Pandemic takes charm off festival of flowers for farmers (With photos)
November 7, 2020 01:41 PM NPT
By: Monika Malla
BHAKTAPUR: The family of Laxmi Nagarkoti is busy making garlands of Gomphrena Globosa commonly known as Makhmali flower as the festival of flowers - Tihar - is less than a week away.
Nagarkoti’s family, which got into the business of floriculture a decade ago, used to receive a huge volume of demand during the Tihar festival in the past. The family also exported flowers to a number of foreign countries in the past. But the pandemic this year has taken the charm off their business.
“As compared to the previous years, the production has slumped significantly. This year due to the Corona pandemic, there was a lockdown. In view of the possible impact of COVID-19 on our business, we sowed comparatively fewer seeds this year,” Laxmi Nagarkoti told Republica.
“This year we expect to sell 1,000 to 1,500 garlands. The number of garlands we made in the past ranged between 5,000 to 6,000,” Nagarkoti added.
The village of Gundu in Bhaktapur is known for supplying Marigold and Gomphrena Globosa for the festival of Tihar when the demand skyrockets in the Nepali market as well as it goes to the international market.
As the COVID-19 pandemic has blocked frequency of flights to and from Nepal blocking the prospect of export, florists in the village of Gundu this year cultivated maize in their fields. This automatically slashed the volume of flower production this year.
“We had a dilemma whether our products would sell off in the market or not. It all started with the imposition of the lockdown and rising cases of the coronavirus. Flights from the nation are now halted. Half of our products are exported annually which now has now come to a halt,” she said.
The floral village with predominantly Newar settlement gets into preparations for flowers starting from the month of February. Farmers sow seeds of the flowers by the mid of March and within a month or half the saplings are then transferred to fields and are taken care of.
According to Nagarkoti, flowers get ready to be plucked from the Month of July or August and garlands are made immediately. This year, farmers started it late as the festivals got pushed by a month due to “Malamass' ' when no auspicious ritual or activity is performed. Also, there was the fear of the pandemic.
Laxmi Nagarkoti’s family sets off for their fields early in the morning and returns home by 10 AM (Local Time). After having lunch, the family sits in front of their house and pours sacks of flowers and then starts making garlands.
Her family this year is making garlands of 200 to 300 pieces on a daily basis for the upcoming festival of Tihar. Gomphrena Globosa doesn’t wither quickly because of which the farmers get done with it at first and store it in a well ventilated place hanging on various structures.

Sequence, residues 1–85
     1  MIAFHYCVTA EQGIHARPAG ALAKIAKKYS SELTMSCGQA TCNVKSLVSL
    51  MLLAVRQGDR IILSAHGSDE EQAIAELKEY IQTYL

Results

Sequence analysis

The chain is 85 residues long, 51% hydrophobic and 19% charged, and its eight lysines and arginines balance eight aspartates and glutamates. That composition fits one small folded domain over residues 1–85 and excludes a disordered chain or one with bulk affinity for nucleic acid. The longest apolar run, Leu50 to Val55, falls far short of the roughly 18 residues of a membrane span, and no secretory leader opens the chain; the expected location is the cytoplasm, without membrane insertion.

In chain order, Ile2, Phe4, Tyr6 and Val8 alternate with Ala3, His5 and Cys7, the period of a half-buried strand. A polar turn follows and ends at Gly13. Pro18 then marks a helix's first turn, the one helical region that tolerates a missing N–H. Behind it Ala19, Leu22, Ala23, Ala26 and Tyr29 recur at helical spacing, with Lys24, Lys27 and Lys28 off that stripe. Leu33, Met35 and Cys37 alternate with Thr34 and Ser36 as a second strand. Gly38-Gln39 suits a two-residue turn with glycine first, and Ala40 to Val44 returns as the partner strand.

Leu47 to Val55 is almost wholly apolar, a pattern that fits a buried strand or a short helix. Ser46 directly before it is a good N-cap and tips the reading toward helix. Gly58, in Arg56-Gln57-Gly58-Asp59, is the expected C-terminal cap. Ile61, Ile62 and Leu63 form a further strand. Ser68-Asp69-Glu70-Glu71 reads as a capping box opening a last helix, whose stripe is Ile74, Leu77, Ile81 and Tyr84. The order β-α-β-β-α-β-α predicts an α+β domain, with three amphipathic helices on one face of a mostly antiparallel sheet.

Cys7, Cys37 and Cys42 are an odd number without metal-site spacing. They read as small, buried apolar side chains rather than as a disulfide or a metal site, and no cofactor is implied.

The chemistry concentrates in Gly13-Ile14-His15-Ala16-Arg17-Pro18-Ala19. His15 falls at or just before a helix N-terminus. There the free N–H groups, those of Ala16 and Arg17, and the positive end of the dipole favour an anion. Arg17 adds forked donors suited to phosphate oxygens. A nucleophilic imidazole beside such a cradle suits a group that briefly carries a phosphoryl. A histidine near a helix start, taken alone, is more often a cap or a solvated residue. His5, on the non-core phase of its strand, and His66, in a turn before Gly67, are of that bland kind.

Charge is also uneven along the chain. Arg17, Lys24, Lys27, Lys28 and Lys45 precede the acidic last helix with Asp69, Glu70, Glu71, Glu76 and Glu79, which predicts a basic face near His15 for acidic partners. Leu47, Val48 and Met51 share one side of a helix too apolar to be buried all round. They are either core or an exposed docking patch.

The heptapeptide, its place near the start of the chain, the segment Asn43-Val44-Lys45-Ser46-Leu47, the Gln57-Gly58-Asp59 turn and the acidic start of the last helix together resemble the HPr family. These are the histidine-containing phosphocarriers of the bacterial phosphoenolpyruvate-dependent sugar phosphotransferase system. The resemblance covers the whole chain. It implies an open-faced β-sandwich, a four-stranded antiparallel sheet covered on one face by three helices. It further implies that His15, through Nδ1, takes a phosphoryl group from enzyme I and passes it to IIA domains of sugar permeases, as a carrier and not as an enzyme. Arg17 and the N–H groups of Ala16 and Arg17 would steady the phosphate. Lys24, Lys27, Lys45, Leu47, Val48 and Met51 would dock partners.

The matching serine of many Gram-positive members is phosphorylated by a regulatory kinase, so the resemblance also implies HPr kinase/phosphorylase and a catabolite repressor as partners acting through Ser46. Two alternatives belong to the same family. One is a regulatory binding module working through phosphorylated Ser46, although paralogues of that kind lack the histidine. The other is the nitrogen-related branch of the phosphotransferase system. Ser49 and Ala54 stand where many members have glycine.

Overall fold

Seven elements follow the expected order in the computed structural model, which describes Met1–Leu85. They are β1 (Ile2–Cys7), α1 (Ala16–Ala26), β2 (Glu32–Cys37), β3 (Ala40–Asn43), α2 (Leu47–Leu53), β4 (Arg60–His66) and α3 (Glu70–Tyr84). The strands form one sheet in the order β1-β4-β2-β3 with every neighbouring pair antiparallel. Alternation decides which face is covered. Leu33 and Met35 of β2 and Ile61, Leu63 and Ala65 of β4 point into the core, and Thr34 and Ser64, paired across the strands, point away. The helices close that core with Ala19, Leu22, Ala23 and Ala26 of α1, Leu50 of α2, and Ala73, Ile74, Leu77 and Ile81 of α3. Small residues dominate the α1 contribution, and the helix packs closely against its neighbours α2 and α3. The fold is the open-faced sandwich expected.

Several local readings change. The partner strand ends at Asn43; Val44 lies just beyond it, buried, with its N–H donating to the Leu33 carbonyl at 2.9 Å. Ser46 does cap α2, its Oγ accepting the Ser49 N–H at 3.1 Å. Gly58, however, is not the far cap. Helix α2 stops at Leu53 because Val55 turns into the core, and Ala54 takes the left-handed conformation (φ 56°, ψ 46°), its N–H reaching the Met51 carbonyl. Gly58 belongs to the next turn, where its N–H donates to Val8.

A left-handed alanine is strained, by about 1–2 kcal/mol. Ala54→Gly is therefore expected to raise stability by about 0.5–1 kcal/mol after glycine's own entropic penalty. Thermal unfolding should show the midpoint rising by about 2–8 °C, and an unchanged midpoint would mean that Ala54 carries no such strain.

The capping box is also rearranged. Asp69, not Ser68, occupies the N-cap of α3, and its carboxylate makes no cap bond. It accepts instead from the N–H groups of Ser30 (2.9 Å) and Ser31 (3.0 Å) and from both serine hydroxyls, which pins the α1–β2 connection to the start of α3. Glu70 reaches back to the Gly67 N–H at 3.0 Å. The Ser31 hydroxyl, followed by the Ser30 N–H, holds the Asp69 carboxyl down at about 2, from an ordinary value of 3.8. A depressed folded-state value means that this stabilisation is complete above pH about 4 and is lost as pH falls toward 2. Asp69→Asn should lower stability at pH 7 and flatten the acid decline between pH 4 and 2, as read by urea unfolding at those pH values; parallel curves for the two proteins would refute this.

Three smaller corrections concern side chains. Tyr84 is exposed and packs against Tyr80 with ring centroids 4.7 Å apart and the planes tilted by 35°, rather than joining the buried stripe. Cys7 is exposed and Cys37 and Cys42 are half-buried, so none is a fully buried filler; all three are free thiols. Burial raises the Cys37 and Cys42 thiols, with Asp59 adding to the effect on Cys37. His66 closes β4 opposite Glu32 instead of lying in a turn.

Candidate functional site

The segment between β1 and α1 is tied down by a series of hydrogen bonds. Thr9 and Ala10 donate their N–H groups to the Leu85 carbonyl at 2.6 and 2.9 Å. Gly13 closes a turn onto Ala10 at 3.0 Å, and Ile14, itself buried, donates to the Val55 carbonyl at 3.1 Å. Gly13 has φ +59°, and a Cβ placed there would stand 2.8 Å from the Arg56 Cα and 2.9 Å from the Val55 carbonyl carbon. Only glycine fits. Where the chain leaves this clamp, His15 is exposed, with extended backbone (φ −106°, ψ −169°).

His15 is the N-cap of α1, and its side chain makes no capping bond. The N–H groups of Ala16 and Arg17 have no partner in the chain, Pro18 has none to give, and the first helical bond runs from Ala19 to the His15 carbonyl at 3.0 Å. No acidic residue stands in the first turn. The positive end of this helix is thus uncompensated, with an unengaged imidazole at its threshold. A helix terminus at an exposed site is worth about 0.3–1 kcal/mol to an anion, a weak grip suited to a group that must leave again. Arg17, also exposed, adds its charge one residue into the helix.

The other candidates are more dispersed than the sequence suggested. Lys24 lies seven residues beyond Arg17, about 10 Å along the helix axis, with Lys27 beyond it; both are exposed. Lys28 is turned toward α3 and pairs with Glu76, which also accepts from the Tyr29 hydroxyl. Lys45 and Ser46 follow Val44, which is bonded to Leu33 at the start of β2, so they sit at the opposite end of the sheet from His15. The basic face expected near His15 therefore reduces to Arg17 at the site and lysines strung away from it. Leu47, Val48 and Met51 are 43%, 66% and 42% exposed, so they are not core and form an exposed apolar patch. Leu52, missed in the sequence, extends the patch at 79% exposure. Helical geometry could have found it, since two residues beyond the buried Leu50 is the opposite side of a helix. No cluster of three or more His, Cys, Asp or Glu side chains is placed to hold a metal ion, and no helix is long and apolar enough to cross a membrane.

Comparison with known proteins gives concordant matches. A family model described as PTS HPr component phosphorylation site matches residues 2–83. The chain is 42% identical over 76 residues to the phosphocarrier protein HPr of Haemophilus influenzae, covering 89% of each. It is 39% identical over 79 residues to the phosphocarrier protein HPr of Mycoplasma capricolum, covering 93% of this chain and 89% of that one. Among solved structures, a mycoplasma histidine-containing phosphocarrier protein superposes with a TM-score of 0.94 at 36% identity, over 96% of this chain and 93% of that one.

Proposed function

“Some traders come looking for us months ahead of the festival in order to export it to foreign countries. They take flowers in bulk and farmers sell their produce to them. While some farmers cannot sell all their flowers and the remaining flowers are kept on sale at markets around Kalimati, Ason and others in city areas. We mostly sell it to traders and the rate is fixed by them, we just take our flowers to Ason, Kalimati, Kalanki etc,” said Deepak Nagarkoti, Laxmi’s son who has been supporting the family with the business.
Flower traders sold 2.5 million garlands worth Rs110 million during Tihar last year, but this year the turnover is likely to fall by 40 percent as the festivities will be kept down due to the coronavirus.
This year, demand across the country is expected to reach 1.5 million marigold, globe amaranth and chrysanthemum garlands. Traders imported 220,000 marigold garlands from India to cover a shortfall in production last year. Imports have been declining annually with an increase in domestic output.
The country produced 2.2 million garlands during the previous festival season. But the output shrank this year due to a lower demand caused by the COVID-19 pandemic.
In the past, domestic production used to account for 20 percent of the country's demand for flowers, and the rest would be imported, mainly from India. But in recent years, locally-grown flowers make up around 90 percent of the demand.
The country imported flowers worth Rs110 million in the last fiscal year while exports stood at Rs 40 million. Imports are down in the current fiscal year and exports are almost nonexistent.
Floriculture is being done on 158 hectares of land and around 44,000 people are directly and indirectly engaged in the sector. There are 800 commercial floriculturists in the country with a combined investment of Rs 6.5 billion.
Bagmati Province leads in the flower business, accounting for 60 percent of the production and sales. Cut flowers and ornamental plants are widely produced in the province.